I could see Lanahan was old, for a mortal. He was thin and the skin barely hung to his bones. His hair was almost gone except for the white bush beneath his chin. With my senses he even smelled old and sickly. He was less than a shadow of his former self. I asked myself if something similar would be my fate in another thousand years or two.
"You have come," he said with a harsh, whispered voice as he raised one of his skeleton hands.
I leaned forward, craning my neck so my muzzle was within his reach. His boney hand caressed the hard knobs that made up my black hide with the tenderness of a mother.
"Yes, I have come," I said.
"I knew you would," he said with a dry cough, "I knew there would be one last time."
I remained quiet. The man was on his deathbed and death was something even dragons respected.
"In all my years there has been no other like you," he went on. "There has never been one with such strength who would show such compassion. You proved that at Hastings. None of those men would have survived if not for you."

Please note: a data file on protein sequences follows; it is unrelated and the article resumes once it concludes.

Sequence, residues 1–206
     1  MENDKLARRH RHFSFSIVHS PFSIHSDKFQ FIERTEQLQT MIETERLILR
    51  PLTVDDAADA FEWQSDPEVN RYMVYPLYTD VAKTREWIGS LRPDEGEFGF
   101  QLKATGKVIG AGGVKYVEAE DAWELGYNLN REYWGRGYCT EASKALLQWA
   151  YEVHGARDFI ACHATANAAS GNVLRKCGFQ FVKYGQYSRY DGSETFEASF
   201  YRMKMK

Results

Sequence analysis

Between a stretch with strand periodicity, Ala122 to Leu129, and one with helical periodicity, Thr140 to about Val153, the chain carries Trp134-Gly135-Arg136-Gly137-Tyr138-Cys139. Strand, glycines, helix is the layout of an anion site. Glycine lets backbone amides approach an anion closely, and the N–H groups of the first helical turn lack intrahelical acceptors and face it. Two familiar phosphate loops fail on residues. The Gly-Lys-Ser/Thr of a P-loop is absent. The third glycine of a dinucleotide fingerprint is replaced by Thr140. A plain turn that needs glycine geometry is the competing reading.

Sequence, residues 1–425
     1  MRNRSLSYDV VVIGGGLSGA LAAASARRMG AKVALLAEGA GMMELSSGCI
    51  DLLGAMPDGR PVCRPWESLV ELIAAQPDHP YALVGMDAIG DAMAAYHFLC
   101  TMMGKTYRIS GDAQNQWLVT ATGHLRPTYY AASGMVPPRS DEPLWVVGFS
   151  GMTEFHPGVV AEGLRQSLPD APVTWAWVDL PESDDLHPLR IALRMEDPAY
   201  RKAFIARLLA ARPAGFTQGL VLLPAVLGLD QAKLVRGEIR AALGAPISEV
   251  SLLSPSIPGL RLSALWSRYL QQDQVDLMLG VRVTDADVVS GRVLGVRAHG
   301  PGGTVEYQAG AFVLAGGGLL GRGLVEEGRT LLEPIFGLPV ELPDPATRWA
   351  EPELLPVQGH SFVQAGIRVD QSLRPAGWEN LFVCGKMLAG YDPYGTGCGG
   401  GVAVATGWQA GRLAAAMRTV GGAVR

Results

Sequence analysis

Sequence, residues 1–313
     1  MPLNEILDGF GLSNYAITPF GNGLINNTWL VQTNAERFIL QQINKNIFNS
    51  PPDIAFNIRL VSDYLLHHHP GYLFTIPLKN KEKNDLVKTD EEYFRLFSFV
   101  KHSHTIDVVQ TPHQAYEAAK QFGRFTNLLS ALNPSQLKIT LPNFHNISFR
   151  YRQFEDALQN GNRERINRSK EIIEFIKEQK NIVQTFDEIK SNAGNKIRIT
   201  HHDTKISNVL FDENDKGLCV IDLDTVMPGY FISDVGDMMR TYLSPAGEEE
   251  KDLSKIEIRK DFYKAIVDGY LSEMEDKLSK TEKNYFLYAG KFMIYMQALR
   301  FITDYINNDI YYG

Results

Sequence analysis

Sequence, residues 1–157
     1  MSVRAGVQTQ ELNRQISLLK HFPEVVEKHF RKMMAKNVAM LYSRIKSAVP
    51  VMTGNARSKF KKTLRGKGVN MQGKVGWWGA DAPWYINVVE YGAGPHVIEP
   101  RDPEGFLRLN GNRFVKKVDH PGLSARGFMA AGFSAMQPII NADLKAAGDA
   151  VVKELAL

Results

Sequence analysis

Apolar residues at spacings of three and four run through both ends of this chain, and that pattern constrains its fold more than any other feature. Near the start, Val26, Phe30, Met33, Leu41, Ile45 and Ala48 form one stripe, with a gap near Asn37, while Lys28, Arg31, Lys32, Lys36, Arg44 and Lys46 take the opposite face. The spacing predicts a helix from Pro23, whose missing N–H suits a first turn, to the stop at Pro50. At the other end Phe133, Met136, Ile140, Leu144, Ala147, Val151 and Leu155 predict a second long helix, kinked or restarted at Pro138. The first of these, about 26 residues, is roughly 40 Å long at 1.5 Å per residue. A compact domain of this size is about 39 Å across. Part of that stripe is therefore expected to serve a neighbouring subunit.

I nodded as he ran his hand across my snout.
"Now, as my end draws near, I look back upon my life and I see those I have loved and hated," he said, "and you have been both."
I learned something new then. I learned dragons could cry. My tears stung the ground and steam danced off the puddles to disappear above my head.
"You should be off now," Lanahan said, "I wish to die alone in my fortress. Solitude serves best my passing. Before you leave there is but one thing else I wish to say."
He gripped my chin with force then. I could feel the pressure as I saw the tears stream down the old man's face.
"I wish to call you friend," he said leaning forward to kiss me.